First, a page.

In the wake of the elections, nearly all state parties have promised to impose prohibition if they come to power. The first off the block was the Pattali Makkal Katchi, led by the doctor duo – father S. Ramadoss and his son Anbumani Ramadoss. This party and its leadership has been unrelenting in their attack on the government-owned TASMAC shops selling liquor in over 7000 retail vendors located in every nook and corner of the state. They were the first to come out with the election manifesto promising to impose prohibition in one stroke with ‘the first signature’ on if elected. It was soon followed by small parties, who have now formed a ‘people welfare front’, with cinema actor Vijayakanth, former member of parliament Vaiko, Dalit leader Thirumavazhavan and communist parties in their fold. The Congress and BJP have also joined the bandwagon.
But the pride of place is reserved for the DMK and the AIADMK, who have ruled the state for the past half century and have been alternating between total prohibition and total indulgence. This time the two parties, who have made men from most poor and low-income group alcohol addicts, and had taken the addiction to school children, have also promised prohibition – the former by enacting a law and the latter in a phased manner. There is widespread cynicism considering that both parties have huge interests in the alcohol business and TASMAC liquor is a potent tool to influence their vote bank addicted to the consumption of alcohol. This is proven by the fact that in preparation for the poll season, TASMAC has been stocking up on alcohol and has ordered 40% more beer and 19% more IMFL for May, the election month.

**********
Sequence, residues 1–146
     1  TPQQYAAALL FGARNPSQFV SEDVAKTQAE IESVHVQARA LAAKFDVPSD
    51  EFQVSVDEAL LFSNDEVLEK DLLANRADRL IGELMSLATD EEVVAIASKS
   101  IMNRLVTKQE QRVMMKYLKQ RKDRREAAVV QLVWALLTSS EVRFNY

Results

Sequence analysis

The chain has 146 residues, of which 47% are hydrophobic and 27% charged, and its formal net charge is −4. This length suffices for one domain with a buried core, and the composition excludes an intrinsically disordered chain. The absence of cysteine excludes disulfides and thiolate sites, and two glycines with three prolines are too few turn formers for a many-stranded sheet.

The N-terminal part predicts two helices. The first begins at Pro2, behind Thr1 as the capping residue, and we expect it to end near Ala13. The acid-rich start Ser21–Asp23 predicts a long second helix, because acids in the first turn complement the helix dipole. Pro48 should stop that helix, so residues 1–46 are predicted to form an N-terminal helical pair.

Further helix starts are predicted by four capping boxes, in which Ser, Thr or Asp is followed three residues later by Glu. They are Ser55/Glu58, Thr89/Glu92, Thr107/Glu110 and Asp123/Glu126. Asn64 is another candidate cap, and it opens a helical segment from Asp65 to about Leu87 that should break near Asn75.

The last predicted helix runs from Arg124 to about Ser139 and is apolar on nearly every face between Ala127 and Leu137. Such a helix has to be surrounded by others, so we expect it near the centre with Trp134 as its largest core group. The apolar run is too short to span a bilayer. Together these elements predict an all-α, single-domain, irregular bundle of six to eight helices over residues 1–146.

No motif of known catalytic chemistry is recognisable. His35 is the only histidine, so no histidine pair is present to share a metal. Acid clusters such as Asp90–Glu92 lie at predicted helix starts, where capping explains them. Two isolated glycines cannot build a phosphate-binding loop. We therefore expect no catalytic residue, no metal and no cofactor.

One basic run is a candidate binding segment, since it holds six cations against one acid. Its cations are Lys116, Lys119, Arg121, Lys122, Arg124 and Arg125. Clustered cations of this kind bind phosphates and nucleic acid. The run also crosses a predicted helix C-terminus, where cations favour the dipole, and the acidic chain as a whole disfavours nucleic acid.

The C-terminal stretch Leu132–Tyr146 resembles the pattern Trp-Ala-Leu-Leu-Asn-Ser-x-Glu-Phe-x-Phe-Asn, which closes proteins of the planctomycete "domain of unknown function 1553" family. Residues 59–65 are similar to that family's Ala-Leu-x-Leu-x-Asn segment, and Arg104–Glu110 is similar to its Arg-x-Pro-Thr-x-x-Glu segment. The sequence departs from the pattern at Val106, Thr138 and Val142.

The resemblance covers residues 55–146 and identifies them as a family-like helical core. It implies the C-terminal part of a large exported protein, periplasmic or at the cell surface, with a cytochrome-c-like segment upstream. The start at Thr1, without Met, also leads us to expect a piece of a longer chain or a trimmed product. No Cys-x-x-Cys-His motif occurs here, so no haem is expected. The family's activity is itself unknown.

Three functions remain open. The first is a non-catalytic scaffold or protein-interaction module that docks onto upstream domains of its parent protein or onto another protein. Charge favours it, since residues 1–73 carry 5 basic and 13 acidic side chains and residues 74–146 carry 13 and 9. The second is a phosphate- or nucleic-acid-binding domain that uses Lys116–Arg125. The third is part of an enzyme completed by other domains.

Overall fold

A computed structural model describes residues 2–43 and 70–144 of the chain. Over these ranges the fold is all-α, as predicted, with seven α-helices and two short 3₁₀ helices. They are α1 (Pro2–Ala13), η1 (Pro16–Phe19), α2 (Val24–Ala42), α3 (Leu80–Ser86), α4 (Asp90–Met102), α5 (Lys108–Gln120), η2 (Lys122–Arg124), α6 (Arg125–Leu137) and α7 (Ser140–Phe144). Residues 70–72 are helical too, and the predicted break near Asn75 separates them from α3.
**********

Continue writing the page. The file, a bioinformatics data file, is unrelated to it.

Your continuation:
The AIDMK’s promise is indeed bizarre considering the cruel way Jayalalithaa’s government crushed the protests against TASMAC shops. Instead of protecting the protestors from liquor goons, the police threw rings of ‘security’ around TASMAC shops. Last year, Gandhian Sasi Perumal, an anti-liquor crusader, died while fasting for the closure of a TASMAC shop. More recently, folk-artist Kovan was arrested under a sedition law for singing against TASMAC, and just few days ago Gandhian Samba Siva Rao went missing after protesting before the the AIDMK office. Even during Chennai’s disastrous deluge when many shops were closed, most TASMAC vendors were open with full supply.
Be that as it may, prohibition or severe restriction on liquor has become imperative in Tamil Nadu. Some months ago Kerala took the prohibition route and recently Bihar followed suit. But, news from Bihar is not good; there have been some deaths due to sudden withdrawal. With Tamil Nadu topping in alcohol consumption – nearly half the male population drinks – a government that brings in prohibition will have to create the supporting healthcare/anti-addiction infrastructure and processes needed to wean alcohol-dependents from the habit. Stringent enforcement/policing mechanism also need to be put in place if prohibition is to be implemented effectively. While phased or one-stroke prohibition is a matter of political and policy debate, doctors say it makes no difference as far as the supporting healthcare/anti-addiction system is concerned.
Considering all pros and cons, and past experience, the people of Tamil Nadu have to keep their fingers crossed.
M.G. Devasahayam is a Chennai-based writer and was former Excise & Taxation Commissioner of Haryana.